In Col. Jeff Cooper's armory, sitting with the legend himself, I suffered a negligent discharge—with words, not bullets.
It was bad enough that I committed a grievous English error, because I had been reading Cooper's books since the late 60s, riding my Schwinn Varsity a couple of miles from my house to the library in Clovis, Calif. When I bought my first pistol in 1987, it was a Colt 1911 in .45 ACP, just like the colonel carried.
In 1992, working as a TV reporter, I somehow convinced my station to do a story about Gunsite Academy. Bill Jeans, rangemaster at the time, ushered me into the inner sanctum.
Cooper was equally renowned for his precision with language, and he did not tolerate incompetence. In the armory, I asked him about his personal philosophy of self-defense.
He opened his mouth, but no sound came out. It took almost two agonizing seconds—I timed it because I still have the video—for him to speak.
"I am not sure of that sentence, 'A personal philosophy...' What's an impersonal philosophy?"
At that moment, I felt as tall as a .22 Long Rifle cartridge. But like all hard lessons, it stuck. Words are like ammo. Don't spray and pray.
I continued to learn from the colonel. I bought a used Tikka Scout, a .308 Win. with a Leupold 2.5X scope in front of the action. In his book, "To Ride, Shoot Straight and Speak the Truth," Cooper praises this setup: "This forward mount, properly used and understood, is the fastest sighting arrangement available to the rifleman."
In 2017, on my friend's ranch in central California, I went pig hunting with Col. Craig Boddington. I had been reading his articles for years, and I'd also watched him on TV. I didn't want to screw up in front of him or my friend, Anthony Lombardo, even though Tony is used to it. So, of course, I missed shot after shot.
In the Jeep, I got pretty lonely in the back when the discussion focused on my rifle. There were two skeptics in the front seats who had me outgunned.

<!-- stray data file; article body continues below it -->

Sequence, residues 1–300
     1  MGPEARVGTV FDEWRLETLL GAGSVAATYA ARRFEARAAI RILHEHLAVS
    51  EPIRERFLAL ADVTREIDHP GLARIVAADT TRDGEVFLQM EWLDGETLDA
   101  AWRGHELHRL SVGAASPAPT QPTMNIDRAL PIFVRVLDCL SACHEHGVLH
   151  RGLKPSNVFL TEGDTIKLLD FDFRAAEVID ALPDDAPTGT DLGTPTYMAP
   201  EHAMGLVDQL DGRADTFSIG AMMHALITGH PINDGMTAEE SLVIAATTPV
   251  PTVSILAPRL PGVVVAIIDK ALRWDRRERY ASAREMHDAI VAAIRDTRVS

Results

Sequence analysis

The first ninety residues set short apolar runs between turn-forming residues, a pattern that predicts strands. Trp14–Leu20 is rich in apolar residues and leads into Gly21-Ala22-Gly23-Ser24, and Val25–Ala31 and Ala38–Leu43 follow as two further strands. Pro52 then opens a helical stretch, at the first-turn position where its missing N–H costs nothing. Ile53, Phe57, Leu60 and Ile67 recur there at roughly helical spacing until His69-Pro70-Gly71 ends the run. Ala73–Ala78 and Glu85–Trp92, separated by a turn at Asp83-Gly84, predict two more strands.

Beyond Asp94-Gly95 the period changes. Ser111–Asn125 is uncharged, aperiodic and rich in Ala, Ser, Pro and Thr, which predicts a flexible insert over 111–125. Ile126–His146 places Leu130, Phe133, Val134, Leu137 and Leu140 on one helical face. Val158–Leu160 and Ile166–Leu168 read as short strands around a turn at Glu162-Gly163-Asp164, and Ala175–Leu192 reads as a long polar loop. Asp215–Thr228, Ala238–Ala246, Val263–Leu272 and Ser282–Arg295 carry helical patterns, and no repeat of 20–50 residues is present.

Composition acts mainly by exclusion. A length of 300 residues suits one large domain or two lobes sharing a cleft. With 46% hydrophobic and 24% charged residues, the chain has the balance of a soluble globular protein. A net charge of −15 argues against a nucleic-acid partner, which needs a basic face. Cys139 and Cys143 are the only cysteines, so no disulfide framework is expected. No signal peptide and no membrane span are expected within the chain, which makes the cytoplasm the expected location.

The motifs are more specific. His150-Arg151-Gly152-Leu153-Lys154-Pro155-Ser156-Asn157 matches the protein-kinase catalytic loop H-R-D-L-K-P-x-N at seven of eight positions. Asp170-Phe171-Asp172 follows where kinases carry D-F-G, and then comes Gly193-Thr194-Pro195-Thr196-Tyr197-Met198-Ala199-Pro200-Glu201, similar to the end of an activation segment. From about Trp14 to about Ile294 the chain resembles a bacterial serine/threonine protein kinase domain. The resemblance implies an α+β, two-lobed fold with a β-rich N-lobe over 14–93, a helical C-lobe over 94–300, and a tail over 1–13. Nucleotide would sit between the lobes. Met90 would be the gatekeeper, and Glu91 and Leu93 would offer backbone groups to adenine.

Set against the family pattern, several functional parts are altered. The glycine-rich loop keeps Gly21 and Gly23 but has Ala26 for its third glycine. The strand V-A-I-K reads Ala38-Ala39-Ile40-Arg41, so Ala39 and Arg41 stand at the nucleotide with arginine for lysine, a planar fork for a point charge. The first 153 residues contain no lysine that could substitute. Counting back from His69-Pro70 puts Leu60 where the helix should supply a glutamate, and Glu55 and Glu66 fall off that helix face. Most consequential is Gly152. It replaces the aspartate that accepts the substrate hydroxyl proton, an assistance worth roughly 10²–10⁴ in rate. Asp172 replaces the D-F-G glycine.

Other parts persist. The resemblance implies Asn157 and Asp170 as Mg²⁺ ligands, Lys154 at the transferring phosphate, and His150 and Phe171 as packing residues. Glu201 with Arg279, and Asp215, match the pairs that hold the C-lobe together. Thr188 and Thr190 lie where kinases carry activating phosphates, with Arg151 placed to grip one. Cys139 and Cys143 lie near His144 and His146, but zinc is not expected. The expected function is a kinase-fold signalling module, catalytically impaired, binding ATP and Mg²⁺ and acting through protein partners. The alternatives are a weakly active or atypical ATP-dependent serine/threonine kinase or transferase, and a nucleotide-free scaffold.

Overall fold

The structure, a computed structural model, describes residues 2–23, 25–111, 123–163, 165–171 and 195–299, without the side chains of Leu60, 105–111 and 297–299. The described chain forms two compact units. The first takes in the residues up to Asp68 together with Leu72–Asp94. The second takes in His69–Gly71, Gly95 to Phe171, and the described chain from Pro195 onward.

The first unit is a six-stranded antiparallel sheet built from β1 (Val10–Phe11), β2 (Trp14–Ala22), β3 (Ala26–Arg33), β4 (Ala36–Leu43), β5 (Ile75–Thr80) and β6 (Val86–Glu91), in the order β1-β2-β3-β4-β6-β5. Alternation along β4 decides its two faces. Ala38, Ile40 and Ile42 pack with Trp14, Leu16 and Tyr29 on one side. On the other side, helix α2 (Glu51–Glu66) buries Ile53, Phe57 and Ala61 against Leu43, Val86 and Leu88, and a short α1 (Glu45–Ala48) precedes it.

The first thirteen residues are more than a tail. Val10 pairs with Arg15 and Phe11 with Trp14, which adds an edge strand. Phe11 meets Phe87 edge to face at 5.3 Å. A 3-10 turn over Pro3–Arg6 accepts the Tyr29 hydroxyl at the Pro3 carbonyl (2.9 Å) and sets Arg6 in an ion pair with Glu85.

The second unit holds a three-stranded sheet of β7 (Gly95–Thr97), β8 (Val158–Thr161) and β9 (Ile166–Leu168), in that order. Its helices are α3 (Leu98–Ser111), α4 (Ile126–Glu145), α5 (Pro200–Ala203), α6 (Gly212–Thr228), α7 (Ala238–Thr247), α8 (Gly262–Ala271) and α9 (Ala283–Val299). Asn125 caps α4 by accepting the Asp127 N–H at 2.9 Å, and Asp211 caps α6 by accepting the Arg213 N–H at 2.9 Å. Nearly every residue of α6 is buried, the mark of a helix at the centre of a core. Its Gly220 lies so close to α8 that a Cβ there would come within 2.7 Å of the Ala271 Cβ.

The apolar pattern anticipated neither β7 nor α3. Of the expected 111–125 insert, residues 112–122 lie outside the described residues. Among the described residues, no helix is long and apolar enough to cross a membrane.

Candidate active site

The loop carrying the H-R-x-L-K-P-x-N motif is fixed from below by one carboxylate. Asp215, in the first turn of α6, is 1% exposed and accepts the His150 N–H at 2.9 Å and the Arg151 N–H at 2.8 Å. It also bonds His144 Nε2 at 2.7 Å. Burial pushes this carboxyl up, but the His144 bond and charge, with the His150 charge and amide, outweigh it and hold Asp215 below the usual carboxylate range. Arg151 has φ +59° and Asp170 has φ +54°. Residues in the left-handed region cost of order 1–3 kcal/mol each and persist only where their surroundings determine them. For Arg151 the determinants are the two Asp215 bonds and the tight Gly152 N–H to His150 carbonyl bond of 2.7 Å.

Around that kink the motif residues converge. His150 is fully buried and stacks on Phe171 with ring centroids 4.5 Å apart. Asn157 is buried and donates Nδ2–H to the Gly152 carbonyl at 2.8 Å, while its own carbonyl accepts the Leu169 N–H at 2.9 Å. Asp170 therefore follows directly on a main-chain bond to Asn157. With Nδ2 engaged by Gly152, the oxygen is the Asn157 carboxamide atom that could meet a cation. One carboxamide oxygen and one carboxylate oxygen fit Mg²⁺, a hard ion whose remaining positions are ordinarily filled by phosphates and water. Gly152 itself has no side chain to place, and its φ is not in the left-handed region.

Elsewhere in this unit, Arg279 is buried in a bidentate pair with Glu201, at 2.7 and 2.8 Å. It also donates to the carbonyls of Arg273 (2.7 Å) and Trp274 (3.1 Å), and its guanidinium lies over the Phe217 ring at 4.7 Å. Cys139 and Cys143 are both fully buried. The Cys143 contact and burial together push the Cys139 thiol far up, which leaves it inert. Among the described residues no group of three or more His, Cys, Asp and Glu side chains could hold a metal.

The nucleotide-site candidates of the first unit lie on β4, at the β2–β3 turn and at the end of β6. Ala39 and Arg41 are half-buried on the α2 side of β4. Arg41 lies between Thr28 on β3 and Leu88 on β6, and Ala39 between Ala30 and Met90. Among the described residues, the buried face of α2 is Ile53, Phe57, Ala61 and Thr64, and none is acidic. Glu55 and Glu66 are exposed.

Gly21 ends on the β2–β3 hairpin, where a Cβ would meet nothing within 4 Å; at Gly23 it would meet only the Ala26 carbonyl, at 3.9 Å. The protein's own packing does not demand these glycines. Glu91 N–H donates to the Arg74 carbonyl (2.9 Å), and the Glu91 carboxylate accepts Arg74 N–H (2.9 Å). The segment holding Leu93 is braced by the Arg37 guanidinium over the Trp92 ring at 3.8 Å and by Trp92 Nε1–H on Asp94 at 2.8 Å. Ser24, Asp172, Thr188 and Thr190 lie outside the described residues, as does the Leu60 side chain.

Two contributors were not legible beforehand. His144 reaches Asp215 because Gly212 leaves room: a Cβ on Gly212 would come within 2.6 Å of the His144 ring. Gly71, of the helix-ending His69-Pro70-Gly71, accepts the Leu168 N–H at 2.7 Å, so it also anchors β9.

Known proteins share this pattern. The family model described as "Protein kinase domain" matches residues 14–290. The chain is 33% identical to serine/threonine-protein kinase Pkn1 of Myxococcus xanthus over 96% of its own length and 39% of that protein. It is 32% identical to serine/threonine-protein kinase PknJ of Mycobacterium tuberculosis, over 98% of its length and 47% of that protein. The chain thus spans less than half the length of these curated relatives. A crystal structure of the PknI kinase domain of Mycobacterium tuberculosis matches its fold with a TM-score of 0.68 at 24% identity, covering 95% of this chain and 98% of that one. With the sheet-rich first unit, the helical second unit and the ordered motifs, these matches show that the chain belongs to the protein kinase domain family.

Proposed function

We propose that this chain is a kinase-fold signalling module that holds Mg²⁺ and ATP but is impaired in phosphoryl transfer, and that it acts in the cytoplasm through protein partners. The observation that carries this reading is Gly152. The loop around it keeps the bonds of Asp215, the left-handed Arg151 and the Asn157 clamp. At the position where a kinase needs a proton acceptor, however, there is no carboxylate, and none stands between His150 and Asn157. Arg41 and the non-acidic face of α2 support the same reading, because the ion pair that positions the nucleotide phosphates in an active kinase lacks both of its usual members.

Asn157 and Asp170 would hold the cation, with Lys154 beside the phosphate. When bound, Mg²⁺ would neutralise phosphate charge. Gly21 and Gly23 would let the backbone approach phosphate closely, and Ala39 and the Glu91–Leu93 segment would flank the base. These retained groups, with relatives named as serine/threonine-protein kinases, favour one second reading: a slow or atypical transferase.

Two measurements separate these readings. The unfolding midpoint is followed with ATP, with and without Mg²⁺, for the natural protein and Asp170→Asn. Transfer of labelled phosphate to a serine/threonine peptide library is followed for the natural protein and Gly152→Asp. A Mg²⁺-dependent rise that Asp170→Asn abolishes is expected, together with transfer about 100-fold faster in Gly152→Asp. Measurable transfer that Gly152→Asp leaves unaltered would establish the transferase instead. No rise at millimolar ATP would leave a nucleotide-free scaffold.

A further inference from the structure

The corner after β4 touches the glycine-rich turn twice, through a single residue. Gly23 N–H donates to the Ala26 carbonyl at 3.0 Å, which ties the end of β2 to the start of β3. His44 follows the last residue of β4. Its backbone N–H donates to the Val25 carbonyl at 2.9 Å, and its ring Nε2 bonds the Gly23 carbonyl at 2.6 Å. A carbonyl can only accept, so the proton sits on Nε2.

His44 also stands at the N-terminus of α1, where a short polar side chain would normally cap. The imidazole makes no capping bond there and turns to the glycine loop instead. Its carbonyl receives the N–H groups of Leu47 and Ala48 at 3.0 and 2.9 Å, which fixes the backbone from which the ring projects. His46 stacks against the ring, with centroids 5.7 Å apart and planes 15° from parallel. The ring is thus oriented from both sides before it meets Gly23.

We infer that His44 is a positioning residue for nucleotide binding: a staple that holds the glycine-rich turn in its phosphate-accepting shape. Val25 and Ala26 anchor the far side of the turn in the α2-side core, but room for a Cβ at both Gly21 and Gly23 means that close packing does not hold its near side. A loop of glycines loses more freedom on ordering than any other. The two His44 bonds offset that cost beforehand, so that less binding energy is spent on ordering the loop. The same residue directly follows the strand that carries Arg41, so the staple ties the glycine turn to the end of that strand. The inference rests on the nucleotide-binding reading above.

Other shooters disagree with the scout concept, or have abandoned the idea, including the veteran hunter who sold me his Tikka. But an unconventional scope mount wasn’t causing me to jerk the trigger. Surprise Break, I heard Cooper whisper. Surprise Break.
Then I saw three pigs. Not trophies, but we were hunting for meat anyway. I picked the largest of the trio. My handload—45.5 grains of Varget under a Nosler 150-grain E-Tip—staggered the big one. Boddington held off until I connected, then joined me with his .270 Winchester as we cleaned up.
"Great shooting, partner!" Boddington is so polite that I think he was just being kind, but I gratefully accepted the compliment.
I also have a forward-mounted scope on a 30-40 Krag that once belonged to my beloved Uncle Harry. Like the Tikka, this rifle isn't a true Scout. But Col. Cooper shared my admiration for the Krag, and I hope he would approve. When we rescue vintage guns from the back of our safes, we honor the past. The true innovators, such as Jeff Cooper, live on.
My video of the colonel's interview includes his famous mindset lecture. I shared it with some Gunsite grads. Wyoming's Ed Cassidy said it best: "I miss him every day."